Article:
type: 'blogImage',
        title: 'Image',
        options: {
          isHighlighted: true // <-- make this field easily accessible
        }
      },
      {
          name: 'date',
          type: 'date',
          title: 'date',
          validation: Rule => Rule.required(),
      },
      {
        name: 'slug',
        type: 'string',
        title: 'slug',
        validation: Rule => Rule.required(),
      }
  ],
  preview: {
    select: {
      media: 'blogImage',
      date: 'date',
      slug: 'slug',
    },
    prepare ({date, slug, media}) {
      return {
        title: media.alt,
        media,
        subtitle: `${date}-${slug}` || 'Missing date'
      }
    }
  }
}
// schemas/objects/blogImage.js
export default {
    name: 'blogImage',
    type: 'image',
    title: 'Image',
    options: {
      hotspot: true
    },
    fields: [
      {
        name: 'caption',
        type: 'string',
        title: 'Caption',
        options: {
          isHighlighted: true
        }
      },
      {
        name: 'alt',
        type: 'string',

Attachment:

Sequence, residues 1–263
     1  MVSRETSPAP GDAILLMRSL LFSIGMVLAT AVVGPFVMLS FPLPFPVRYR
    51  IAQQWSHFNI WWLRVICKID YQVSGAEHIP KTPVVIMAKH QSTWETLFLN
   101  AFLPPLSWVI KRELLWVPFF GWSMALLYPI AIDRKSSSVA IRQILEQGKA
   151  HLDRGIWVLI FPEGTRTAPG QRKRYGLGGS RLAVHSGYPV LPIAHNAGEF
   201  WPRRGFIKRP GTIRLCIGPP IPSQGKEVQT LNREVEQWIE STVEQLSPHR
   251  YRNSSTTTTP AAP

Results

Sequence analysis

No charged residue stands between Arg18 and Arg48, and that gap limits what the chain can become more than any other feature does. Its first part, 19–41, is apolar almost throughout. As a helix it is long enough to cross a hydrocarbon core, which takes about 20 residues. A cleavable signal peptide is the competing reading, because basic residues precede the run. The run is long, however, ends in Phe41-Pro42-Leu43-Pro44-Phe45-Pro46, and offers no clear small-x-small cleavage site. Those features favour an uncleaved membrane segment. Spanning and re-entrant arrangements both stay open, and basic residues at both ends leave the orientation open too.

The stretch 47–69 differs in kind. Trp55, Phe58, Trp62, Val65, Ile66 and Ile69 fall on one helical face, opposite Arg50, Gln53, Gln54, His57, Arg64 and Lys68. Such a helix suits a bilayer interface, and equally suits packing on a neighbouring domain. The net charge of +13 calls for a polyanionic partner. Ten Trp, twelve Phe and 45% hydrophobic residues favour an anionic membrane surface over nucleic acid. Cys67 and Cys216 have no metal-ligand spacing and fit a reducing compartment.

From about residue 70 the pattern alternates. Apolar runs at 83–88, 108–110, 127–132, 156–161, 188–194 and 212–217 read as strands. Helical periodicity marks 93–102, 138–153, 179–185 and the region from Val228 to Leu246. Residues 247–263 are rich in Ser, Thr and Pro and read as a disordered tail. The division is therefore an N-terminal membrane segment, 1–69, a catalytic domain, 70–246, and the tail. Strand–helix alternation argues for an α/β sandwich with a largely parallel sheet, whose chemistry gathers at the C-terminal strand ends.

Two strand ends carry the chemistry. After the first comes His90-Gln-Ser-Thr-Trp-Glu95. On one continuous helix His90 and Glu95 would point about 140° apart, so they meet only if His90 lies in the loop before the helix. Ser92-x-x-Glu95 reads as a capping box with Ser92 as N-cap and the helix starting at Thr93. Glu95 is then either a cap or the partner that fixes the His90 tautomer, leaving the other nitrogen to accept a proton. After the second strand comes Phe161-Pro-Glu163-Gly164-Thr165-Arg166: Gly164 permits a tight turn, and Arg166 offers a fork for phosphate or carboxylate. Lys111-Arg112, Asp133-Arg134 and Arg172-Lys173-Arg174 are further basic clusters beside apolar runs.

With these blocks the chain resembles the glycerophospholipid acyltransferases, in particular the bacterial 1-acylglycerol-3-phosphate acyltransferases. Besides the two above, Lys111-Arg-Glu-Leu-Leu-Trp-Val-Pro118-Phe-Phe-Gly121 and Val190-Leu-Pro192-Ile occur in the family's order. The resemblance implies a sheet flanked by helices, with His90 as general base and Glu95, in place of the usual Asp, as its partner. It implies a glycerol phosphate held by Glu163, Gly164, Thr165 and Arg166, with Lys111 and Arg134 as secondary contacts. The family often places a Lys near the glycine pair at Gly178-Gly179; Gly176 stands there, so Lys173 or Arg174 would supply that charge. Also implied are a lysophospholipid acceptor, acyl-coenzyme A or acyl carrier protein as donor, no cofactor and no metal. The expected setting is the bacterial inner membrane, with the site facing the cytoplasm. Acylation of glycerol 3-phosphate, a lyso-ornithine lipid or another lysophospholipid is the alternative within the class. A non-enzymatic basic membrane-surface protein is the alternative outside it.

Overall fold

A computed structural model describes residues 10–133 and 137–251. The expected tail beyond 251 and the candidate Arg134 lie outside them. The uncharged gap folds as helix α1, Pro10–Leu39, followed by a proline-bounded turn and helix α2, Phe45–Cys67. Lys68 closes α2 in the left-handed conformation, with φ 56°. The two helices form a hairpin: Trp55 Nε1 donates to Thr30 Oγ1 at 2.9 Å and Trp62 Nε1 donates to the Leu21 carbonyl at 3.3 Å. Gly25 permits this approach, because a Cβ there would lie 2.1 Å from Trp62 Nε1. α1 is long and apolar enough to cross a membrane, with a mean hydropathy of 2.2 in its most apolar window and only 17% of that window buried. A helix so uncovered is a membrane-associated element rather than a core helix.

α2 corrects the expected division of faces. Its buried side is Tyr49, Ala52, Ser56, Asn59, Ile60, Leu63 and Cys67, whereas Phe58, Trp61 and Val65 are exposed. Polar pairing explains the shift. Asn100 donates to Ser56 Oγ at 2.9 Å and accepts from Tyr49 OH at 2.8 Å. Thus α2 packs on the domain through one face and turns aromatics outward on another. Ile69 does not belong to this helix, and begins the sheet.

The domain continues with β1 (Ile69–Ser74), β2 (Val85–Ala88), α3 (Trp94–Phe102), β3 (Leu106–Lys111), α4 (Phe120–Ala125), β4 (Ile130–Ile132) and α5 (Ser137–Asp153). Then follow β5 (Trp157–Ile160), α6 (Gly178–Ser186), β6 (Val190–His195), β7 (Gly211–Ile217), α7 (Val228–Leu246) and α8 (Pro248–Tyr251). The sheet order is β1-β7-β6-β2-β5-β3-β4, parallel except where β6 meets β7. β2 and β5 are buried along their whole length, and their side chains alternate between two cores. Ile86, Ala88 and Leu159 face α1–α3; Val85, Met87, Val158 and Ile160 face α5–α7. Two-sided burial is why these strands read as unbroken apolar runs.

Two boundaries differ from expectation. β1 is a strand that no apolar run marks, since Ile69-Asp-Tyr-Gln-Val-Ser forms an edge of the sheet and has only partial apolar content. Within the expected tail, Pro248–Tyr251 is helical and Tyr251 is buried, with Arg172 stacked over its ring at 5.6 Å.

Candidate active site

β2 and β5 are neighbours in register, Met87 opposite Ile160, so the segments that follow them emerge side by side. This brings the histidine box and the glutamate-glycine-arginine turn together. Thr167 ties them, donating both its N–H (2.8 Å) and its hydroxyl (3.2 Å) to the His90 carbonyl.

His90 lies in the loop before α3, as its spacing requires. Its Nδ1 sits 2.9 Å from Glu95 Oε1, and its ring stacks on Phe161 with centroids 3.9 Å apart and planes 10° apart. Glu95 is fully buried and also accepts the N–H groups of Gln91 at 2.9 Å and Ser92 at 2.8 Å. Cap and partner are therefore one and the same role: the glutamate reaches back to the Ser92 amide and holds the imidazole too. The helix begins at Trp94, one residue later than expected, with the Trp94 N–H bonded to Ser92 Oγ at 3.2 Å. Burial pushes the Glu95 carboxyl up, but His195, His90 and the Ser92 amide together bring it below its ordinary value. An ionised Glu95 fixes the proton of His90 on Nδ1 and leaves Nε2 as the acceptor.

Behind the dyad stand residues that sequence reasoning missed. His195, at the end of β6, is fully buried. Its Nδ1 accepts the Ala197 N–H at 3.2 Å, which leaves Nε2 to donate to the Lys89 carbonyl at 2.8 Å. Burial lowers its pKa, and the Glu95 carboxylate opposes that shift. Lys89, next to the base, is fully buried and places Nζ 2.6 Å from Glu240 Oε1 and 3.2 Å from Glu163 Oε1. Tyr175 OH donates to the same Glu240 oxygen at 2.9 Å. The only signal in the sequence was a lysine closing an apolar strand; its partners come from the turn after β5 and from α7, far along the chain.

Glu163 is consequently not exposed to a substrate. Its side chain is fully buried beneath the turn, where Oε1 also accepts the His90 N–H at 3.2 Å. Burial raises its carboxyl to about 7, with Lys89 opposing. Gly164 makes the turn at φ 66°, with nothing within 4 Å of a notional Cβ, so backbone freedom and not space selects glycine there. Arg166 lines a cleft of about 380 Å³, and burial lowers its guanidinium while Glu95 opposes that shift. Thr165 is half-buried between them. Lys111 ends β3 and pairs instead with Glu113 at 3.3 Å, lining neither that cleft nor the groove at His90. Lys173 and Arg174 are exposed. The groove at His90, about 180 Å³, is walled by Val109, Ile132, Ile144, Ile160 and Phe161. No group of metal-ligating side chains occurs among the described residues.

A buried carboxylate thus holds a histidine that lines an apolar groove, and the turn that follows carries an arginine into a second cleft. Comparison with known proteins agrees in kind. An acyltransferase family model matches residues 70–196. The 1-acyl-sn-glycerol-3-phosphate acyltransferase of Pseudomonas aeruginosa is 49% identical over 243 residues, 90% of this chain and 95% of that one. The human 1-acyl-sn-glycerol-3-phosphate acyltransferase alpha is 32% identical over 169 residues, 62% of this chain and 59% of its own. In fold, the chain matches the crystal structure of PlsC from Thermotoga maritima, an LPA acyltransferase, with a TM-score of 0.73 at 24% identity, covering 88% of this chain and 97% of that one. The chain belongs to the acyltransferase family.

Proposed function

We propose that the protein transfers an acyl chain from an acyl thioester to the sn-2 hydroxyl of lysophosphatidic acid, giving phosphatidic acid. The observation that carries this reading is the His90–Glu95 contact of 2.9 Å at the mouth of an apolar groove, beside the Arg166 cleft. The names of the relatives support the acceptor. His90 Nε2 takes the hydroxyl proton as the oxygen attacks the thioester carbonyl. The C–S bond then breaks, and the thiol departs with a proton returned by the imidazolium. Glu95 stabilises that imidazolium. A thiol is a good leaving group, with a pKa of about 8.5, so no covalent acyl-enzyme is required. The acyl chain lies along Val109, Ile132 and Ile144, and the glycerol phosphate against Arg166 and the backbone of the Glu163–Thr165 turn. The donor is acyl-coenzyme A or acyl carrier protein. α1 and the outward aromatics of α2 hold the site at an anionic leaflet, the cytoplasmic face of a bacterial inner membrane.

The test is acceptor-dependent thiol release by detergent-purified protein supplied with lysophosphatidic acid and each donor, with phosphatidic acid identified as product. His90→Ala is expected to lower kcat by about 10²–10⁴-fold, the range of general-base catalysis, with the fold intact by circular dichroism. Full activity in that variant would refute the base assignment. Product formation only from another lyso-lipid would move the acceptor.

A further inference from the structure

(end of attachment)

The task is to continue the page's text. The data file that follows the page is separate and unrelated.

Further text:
title: 'Alternative text',
        description: 'Important for accessiblity and SEO.',
        validation: Rule => Rule.error('You have to fill out the alternative text.').required(),
        options: {
          isHighlighted: true
        }
      }
    ],
    preview: {
      select: {
        imageUrl: 'asset.url',
        title: 'caption'
      }
    }
  }

The Sanity project initializes itself with a file at schemas/schema.js. We need to import our two new files there, and add the objects exported from those files to the types array.

import blogImage from './objects/blogImage';
import imageHolder from './documents/imageHolder';
  types: schemaTypes.concat([
    /* Your types here! */
    blogImage,
    imageHolder,
  ]),
  1. Sanity Studio's web ui at this point of the process should have a Content column with Image Holder as an entry, and not much else. If everything is looking good when you run sanity start to preview your studio locally, go ahead and do sanity deploy. This tells Sanity to host a version of your Studio for you on the web, which you can use to update content from mobile. (the dream!!) Later we'll add a webhook to re-build/re-deploy our site whenever a document is added.

  2. Add an image or two for now so we have something to see when Eleventy queries our Sanity dataset.
    blank Sanity Studio UI

Sanity Studio's web ui open to the creation form for a new Image Holder type document, with several empty text fields